On December 12, in New York City, seven jurors convened to evaluate and discuss more than 200 projects submitted to AN‘s second annual Best Of Design Awards.
The jury included Thomas Balsley, of Thomas Balsley Associates; Winka Dubbeldam, of ARCHI-TECTONICS; Kenneth Drucker, of HOK; Chris McVoy, of Steven Holl Architects; Craig Schwitter, of Buro Happold; Annabelle Selldorf, of Selldorf Architects; and Erik Tietz, of Tietz-Baccon.
The redesign of the Clark Art Institute’s 140-acre campus opened this summer following a 14-year collaboration to bring nature and art closer to everyday life. The design team worked to shape a publicly accessible landscape that unites diverse buildings and more fully situates the institution within the natural and cultural patterns of the Berkshires.
Millicent Harvey; Jeff Goldberg
New roads and two miles of walking trails expand access to underutilized landscape resources. The team reshaped meadows, protected streams, restored woodlands, and rebuilt the campus core, transforming parking lots into a tiered reflecting pool that unifies a new visitor education and exhibition center, the museum, and the research center.
Reflecting the Berkshire landscape beyond and functionally marrying site drainage, groundwater management, and gray water systems, the pools articulate a stewardship agenda that unites the cultural and natural resources of the Clark.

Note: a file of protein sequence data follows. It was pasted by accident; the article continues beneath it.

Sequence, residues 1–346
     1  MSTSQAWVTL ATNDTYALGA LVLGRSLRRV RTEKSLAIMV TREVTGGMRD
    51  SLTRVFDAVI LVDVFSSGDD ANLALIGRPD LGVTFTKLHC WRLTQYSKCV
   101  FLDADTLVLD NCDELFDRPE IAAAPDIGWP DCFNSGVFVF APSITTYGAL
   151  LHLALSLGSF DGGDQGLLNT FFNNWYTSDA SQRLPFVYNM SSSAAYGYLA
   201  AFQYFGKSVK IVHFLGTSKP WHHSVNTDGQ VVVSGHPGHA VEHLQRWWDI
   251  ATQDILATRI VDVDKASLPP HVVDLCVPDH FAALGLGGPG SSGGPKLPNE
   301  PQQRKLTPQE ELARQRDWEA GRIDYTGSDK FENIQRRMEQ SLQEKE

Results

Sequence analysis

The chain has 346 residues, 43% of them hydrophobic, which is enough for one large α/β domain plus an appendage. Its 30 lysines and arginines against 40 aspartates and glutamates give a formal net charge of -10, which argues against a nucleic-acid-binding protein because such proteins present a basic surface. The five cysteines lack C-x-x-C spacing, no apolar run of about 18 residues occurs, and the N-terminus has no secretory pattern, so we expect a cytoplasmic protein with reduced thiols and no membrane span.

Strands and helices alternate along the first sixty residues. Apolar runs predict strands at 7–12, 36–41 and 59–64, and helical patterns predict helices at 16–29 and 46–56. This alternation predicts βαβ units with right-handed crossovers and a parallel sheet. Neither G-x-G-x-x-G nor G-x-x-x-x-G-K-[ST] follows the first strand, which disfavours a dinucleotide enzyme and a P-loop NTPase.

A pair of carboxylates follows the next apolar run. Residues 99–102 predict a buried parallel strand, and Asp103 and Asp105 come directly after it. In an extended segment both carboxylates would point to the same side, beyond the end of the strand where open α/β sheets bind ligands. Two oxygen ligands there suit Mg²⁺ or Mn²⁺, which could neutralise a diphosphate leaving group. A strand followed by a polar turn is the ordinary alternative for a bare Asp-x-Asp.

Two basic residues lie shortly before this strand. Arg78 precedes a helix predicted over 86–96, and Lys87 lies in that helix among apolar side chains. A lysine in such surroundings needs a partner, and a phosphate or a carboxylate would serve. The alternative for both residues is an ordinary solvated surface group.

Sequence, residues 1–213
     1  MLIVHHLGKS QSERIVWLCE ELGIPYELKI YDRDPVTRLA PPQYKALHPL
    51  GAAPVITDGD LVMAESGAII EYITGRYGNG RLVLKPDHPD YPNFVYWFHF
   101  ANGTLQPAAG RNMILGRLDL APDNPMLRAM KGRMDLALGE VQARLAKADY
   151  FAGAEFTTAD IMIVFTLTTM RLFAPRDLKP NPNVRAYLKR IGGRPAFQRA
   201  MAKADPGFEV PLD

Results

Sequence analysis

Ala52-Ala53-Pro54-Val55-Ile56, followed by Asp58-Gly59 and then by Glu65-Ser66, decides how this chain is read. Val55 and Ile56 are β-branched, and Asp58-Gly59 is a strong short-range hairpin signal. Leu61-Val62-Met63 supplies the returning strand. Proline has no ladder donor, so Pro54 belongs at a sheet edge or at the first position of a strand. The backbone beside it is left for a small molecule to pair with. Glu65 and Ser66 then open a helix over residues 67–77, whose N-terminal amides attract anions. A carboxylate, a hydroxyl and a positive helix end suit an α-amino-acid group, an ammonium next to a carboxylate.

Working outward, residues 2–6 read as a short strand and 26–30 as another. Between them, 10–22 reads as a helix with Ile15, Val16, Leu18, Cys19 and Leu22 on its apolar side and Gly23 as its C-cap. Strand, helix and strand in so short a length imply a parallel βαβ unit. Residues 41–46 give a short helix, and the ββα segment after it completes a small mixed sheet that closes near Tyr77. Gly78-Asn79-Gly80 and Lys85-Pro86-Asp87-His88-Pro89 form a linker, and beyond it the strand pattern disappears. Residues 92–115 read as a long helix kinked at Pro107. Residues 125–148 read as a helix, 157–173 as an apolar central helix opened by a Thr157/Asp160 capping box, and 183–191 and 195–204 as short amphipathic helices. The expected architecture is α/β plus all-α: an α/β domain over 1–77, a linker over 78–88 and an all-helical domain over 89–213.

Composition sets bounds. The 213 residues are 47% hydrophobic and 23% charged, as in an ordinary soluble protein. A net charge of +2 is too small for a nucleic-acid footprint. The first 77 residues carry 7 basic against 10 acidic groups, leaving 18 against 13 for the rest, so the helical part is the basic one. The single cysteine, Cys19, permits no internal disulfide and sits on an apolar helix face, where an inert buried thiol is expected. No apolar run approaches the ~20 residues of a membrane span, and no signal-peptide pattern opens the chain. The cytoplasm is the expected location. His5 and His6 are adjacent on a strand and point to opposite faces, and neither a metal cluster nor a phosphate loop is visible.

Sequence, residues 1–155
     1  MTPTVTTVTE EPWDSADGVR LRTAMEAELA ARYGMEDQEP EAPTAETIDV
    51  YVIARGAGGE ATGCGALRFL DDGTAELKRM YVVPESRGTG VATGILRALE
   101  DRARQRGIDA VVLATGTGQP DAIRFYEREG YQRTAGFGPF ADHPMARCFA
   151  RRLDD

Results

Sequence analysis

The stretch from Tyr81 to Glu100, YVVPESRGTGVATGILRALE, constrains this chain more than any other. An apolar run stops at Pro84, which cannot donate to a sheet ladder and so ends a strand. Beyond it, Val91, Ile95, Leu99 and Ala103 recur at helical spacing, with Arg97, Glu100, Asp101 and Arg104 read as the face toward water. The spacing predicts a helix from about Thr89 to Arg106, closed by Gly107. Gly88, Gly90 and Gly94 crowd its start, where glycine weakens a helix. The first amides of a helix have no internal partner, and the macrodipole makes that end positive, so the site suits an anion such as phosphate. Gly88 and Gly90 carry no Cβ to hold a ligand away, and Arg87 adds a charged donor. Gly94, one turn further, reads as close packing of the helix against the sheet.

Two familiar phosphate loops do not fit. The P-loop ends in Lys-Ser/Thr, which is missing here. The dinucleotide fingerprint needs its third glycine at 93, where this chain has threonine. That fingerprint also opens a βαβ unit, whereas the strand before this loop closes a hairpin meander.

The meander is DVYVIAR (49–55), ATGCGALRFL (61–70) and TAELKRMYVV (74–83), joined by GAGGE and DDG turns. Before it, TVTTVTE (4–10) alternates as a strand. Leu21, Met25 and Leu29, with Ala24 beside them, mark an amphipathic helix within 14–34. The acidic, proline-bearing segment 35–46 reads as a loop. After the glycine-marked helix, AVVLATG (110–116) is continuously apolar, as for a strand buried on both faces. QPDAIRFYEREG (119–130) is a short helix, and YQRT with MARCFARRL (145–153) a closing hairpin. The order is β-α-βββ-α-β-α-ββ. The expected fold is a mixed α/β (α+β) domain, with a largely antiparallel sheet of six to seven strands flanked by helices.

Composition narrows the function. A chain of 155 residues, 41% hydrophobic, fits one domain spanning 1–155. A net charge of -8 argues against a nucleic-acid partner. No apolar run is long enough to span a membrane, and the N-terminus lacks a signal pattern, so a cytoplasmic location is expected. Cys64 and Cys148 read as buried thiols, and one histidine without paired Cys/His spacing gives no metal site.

Best Of: Fabrication
San Antonio, Texas
“It’s not just something to look at. The kids can use it and probably have fun and people looking at it from the outside are going to be intrigued by it. The panelization is intricate enough, but you get the understanding of how it comes together. You’re using the fabrication technique to illustrate the joy of the structure.”—Erik Tietz
Built for the San Antonio Botanical Gardens’ human-sized birdhouse competition, the Gourd offers a playful platform from which to contemplate the complex relationship between humans and the natural world.
Overland Partners chose a shape inspired by the bottle gourd, first used in its hollowed-out form by Native Americans to attract Purple Martins as a nesting spot. The Gourd is built out of 70 plates of 12-gauge Corten steel wrapped around a robin’s egg blue internal octahedron structure, and perforated with more than 1,000 Ball Mason jars. Each steel plate, unique in shape and size, was fabricated using CNC laser cutting and assembled in house by the design team.